The relevance and importance of Samuel P. Hay's book, Conservation and the Gospel of Efficiency, has only increased over time. Written almost half a century ago, it offers an invaluable history of the conservation movement's origins, and provides an excellent context for understanding contemporary enviromental problems and possible solutions. Against a background of rivers, forests, ranges, and public lands, this book defines two conflicting political processes: the demand for an integrated, controlled development guided by an elite group of scientists and technicians and the demand for a looser system allowing grassroots impulses to have a voice through elected government representatives.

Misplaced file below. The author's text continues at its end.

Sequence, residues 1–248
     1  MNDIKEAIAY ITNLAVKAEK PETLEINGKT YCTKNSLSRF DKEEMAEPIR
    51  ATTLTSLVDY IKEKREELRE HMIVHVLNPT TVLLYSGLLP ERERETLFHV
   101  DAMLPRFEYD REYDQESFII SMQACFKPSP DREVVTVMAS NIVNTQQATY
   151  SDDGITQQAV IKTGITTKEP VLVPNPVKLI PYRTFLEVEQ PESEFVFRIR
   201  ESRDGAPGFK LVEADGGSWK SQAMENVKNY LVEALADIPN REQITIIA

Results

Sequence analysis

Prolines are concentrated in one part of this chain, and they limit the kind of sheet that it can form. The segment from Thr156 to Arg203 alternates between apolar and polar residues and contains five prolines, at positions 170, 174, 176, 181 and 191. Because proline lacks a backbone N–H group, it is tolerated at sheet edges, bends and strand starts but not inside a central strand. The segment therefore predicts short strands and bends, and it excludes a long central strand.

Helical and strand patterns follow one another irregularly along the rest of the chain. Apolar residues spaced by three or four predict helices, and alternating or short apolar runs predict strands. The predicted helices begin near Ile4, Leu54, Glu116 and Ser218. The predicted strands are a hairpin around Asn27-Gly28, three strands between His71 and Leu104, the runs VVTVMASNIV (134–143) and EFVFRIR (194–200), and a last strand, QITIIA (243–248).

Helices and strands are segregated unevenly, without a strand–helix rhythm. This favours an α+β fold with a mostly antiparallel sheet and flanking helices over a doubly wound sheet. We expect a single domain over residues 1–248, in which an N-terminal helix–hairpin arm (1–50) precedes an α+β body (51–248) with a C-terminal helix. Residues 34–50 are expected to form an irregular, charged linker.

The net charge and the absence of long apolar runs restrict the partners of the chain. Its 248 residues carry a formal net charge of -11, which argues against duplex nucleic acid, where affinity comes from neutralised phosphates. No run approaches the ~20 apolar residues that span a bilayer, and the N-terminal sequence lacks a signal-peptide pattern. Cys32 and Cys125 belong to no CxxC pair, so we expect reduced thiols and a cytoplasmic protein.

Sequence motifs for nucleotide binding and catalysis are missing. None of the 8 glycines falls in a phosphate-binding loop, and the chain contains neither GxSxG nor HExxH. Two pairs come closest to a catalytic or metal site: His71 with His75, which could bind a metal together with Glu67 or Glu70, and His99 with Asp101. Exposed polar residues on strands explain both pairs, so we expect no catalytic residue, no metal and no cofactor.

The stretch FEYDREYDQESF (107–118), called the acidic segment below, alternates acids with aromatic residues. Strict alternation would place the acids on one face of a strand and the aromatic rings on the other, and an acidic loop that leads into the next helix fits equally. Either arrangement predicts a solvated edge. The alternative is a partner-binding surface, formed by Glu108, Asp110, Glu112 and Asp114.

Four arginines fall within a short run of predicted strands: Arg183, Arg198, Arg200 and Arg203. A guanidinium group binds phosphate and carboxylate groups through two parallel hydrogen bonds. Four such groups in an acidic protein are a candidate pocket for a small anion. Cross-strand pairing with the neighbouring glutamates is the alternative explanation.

An invaluable study.
This is a challenging reinterpretation of the conservation movement, based on impressive research.
Samuel P. Hays was University Professor Emeritus of History at the University of Pittsburgh. He is the author of Wars in the Woods: The Rise of Ecological Forestry in America; Explorations in Environmental History; Conservation and the Gospel of Efficiency: The Progressive Conservation Movement, 1890-1920; and, with Barbara D. Hays, Beauty, Health, and Permanence: Environmental Politics in the United States, 1955-1985.